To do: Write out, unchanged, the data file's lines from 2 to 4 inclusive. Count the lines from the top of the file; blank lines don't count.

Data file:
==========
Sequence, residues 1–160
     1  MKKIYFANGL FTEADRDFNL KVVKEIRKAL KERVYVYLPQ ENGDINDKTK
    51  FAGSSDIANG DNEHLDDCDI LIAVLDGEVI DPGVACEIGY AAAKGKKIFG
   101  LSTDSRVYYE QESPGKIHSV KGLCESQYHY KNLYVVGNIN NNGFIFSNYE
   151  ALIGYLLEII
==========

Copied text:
     1  MKKIYFANGL FTEADRDFNL KVVKEIRKAL KERVYVYLPQ ENGDINDKTK
    51  FAGSSDIANG DNEHLDDCDI LIAVLDGEVI DPGVACEIGY AAAKGKKIFG
   101  LSTDSRVYYE QESPGKIHSV KGLCESQYHY KNLYVVGNIN NNGFIFSNYE